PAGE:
Posts Tagged: literary history

Shakespeare Didn’t Make up as Many Words as We Think

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For the Guardian, Alison Flood writes on the bias of the Oxford English Dictionary towards “famous literary examples” instead of the actual origin, resulting in the incorrect attribution of several still-used words and phrases to Shakespeare. Flood writes that there are multitudes of evidence showing earlier usages of phrases such as “wild goose chase” and “it’s Greek […]

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Sidewalk Stanzas

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Boston’s City Hall and Mass Poetry, a Massachusetts-based poetry nonprofit, has embarked on an urban art project: They’ve stenciled poems onto Boston’s sidewalks using paint that only appears in the rain. Sara Siegel, the program director at Mass Poetry, says: “We want to bring poetry to the people. This is a fun, quirky way to […]

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Such Stuff as Dreams Are Made On

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This past weekend, thousands of people convened to celebrate the 400th anniversary of Shakespeare’s death. The Elizabethan bard’s formal innovations are widely revered as some of the most influential literary developments in history, so much so that we almost overlook what he was even writing about: …for Shakespeare, life itself is a type of lie.

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The Book as Christmas Present

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Starting in the 1820s, when Christmas was still largely a day of feasting and religious observance, publishers helped pioneer the concept of giving mass-produced goods as presents, inventing an entire genre of books, called Gift Books, designed to be presented to loved ones at Christmas. These were typically anthologies of poetry, fiction, essays, and drawings, […]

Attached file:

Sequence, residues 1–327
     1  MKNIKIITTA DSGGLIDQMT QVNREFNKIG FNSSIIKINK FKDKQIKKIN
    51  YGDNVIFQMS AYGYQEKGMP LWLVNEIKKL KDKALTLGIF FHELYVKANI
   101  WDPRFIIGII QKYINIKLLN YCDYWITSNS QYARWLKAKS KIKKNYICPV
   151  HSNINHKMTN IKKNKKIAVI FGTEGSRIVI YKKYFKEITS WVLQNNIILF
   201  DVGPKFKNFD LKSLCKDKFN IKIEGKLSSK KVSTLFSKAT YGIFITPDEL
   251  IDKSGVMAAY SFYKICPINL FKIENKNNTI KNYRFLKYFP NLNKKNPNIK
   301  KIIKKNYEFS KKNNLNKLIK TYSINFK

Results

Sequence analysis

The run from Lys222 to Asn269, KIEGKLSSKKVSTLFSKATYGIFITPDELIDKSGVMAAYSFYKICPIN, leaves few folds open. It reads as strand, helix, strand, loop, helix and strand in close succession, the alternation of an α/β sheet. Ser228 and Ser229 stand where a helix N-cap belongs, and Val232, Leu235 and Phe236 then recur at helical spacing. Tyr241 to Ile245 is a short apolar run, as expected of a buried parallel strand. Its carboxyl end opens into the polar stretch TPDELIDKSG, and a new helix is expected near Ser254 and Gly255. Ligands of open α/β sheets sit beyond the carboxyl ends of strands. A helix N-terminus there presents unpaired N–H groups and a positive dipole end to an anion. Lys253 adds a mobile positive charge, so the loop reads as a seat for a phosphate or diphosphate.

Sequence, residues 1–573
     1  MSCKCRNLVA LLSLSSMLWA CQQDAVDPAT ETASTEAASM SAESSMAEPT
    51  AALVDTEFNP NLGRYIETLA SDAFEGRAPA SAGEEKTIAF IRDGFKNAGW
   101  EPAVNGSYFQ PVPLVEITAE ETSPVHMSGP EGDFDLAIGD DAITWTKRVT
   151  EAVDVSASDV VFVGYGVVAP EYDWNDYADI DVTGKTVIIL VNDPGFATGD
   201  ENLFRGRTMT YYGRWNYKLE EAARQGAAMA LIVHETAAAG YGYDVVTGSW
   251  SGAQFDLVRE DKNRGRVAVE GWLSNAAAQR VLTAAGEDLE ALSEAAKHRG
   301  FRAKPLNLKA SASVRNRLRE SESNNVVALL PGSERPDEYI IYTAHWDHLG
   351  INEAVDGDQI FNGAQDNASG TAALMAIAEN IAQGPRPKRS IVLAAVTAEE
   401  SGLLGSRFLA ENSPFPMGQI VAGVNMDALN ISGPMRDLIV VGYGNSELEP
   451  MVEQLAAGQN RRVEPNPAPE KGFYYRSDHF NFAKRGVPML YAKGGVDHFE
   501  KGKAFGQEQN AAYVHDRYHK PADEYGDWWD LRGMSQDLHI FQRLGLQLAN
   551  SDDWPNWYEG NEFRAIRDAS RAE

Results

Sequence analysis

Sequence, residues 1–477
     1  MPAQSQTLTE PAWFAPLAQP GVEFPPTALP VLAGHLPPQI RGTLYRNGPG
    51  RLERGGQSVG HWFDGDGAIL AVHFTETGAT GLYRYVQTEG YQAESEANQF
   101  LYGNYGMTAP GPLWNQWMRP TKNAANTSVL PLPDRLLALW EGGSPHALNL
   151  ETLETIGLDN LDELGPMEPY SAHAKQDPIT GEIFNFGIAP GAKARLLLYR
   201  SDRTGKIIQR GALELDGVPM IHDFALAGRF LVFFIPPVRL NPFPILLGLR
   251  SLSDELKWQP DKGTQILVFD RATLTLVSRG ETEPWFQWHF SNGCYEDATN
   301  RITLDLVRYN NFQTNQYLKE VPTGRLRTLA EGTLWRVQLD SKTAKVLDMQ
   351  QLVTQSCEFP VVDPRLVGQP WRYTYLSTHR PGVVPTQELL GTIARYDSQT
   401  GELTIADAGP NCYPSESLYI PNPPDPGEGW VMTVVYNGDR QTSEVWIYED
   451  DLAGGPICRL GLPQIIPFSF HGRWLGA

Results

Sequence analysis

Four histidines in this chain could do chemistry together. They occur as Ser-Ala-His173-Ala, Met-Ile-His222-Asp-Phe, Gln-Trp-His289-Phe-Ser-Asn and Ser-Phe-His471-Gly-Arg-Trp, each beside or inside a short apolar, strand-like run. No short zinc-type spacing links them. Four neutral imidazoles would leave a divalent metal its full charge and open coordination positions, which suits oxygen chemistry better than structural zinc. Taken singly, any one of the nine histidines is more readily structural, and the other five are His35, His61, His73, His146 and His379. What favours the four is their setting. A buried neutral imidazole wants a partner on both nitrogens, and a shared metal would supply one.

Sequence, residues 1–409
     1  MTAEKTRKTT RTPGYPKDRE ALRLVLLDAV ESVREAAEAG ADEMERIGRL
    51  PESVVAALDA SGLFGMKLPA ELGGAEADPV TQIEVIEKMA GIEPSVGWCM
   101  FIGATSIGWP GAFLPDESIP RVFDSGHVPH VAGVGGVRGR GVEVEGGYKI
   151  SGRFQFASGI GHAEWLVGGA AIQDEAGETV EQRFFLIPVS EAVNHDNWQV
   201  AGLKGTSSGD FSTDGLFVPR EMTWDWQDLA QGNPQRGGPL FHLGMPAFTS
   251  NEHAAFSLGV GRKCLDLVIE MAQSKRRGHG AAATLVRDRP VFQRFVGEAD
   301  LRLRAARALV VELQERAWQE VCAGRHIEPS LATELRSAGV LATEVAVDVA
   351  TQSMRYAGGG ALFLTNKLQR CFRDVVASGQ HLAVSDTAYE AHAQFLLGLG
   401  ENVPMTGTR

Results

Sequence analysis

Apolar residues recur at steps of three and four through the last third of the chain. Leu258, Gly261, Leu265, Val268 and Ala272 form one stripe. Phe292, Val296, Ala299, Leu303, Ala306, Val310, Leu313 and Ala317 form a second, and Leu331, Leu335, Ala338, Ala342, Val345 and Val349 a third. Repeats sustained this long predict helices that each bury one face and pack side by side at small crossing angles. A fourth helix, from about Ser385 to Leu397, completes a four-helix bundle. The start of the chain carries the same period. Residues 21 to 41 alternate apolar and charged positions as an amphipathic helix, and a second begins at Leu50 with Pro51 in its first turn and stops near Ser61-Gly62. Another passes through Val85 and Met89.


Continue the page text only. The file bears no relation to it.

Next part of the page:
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Between the Pages

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Long since buried and canonized, Charlotte Brontë is now subject to every writer’s worst nightmare. A poem and prose piece penned by a teenaged Brontë have recently been discovered between the pages of a book that belonged to the Victorian author’s mother. The Brontë Society will acquire the previously unpublished works within the next few […]

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The Quest for Literary Immortality

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In Those Who Write for Immortality, [Heather] Jackson includes a checklist of factors relevant to literary survival. Did the writer have family and friends to ensure that her work stayed in print? When was her biography written, and by whom? Was she associated with a movement, or significant people? At The Hairpin, contributing editor Alexandra […]

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Searching for Cervantes

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After a Times article last March criticized Spain (and its literary establishment) for failing to unravel the mystery of the precise location of Miguel de Cervantes’s grave, a reinvigorated search may have finally yielded results. Cervantes was buried in Madrid’s Trinitarias convent, but the specific site was not marked (or not marked well); the discovery […]

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Books Save Lives

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You know all those movies in which a character is shot in the chest, only to be miraculously saved by a pocket Bible, and everyone in the audience rolls their eyes? Well, it turns out that books actually are bulletproof—to a certain extent. At Melville House, Liam O’Brien delves into the history, fact, and fiction […]

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The First (Not-So-Great) American Novel

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He dearly yearns for Harriot as his mistress: “Shall we not,” he asks her, “obey the dictates of nature, rather than confine ourselves to the forced, unnatural rules of—and—and shall the halcyon days of youth slip through our fingers unenjoyed?” (Actually, Harrington says all of this with “the language of the eyes.” Early Americans excelled, […]

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